H.G. Wells began writing the novel that would become The War of the Worlds in the England of the mid-1890s. As a setting for this tale of invasion from outer space, he chose the place he knew best: England of the mid-1890s. Staging spectacles of unfathomable malice and fantastical destruction against such an ordinary backdrop made The War of the Worlds, first as a magazine serial and then as a standalone book, a chillingly compelling experience for its readers. Orson Welles understood the effectiveness of that choice, as evidenced by the fact that in his famously convincing 1938 radio adaptation of Wells’ novel, the hostile aliens land in modern-day New Jersey.
Subsequent adaptations have followed the same principle: in 1953, the first War of the Worlds Hollywood film set the action in 1950s Los Angeles; the latest, a Steven Spielberg-directed Tom Cruise vehicle that came out in 2005, set it in the New York and Boston of the 2000s. But now, set to premiere later this year on BBC One, we have a three-part miniseries that returns the story to the place and time in which Wells originally envisioned it — or rather, the place and very nearly the time. Shot in Liverpool, the production recreates not the Victorian England in which The War of the Worlds was first published but the brief Edwardian period, lasting roughly the first decade of the 20th century, that followed it.
In a way, a period War of the Worlds reflects our time as clearly as the previous War of the Worlds adaptations reflect theirs: television viewers of the 2010s have shown a surprisingly hearty appetite for historical drama, and often British historical drama at that. Think of the success earlier this decade of Downton Abbey, whose upstairs-downstairs dynamics proved gripping even for those not steeped in the British class system. This latest War of the Worlds, whose trailer you can watch at the top of the post, uses similar themes, telling the story of a man and woman who dare to be together despite their class differences — and, of course, amid an alien invasion that threatens to destroy the Earth. It remains to be seen whether the miniseries will rise to the central challenge of adapting The War of the Worlds: will the emotions at the center of the story be as convincing as the mayhem surrounding them?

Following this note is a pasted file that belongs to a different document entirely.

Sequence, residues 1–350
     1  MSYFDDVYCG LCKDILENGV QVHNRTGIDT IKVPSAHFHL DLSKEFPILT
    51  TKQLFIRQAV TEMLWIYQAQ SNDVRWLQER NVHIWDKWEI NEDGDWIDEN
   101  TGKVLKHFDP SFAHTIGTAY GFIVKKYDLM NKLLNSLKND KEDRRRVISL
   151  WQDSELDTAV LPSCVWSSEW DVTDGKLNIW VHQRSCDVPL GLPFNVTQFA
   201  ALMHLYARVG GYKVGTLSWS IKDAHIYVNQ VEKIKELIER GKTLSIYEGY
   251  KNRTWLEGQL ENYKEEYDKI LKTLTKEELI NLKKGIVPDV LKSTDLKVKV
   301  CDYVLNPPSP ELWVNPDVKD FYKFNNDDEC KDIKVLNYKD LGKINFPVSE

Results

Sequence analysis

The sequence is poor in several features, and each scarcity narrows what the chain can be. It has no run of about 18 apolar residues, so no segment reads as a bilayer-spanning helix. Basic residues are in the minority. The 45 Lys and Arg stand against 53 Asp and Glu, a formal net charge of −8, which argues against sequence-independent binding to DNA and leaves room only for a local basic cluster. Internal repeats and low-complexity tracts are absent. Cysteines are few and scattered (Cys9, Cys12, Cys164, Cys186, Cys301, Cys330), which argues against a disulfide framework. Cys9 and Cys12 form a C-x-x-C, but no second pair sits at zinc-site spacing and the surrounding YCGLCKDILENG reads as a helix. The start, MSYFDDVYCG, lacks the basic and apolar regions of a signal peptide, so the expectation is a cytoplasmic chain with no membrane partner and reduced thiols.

Hear Orson Welles’ Iconic War of the Worlds Broadcast (1938)
Horrifying 1906 Illustrations of H.G. Wells’ War of the Worlds: Discover the Art of Henrique Alvim Corrêa
Ray Harryhausen’s Creepy War of the Worlds Sketches and Stop-Motion Test Footage
Edward Gorey Illustrates H.G. Wells’ The War of the Worlds in His Inimitable Gothic Style (1960)
Things to Come, the 1936 Sci-Fi Film Written by H.G. Wells, Accurately Predicts the World’s Very Dark Future
Stream Marcel Proust’s In Search of Lost Time, a BBC Production Featuring Derek Jacobi (Free for a Limited Time)
Based in Seoul, Colin Marshall writes and broadcasts on cities, language, and culture. His projects include the book The Stateless City: a Walk through 21st-Century Los Angeles and the video series The City in Cinema. Follow him on Twitter at @colinmarshall or on Facebook.
When will this be available see in the USA? I’m so glad BBC has tackled this. I wish they would a series on Dune. No one has done it justice yet and it could be fabulous.
The 2005 movie never stepped foot in Nee York. Where’d that info come from?
We have bbc channel on spectrum cable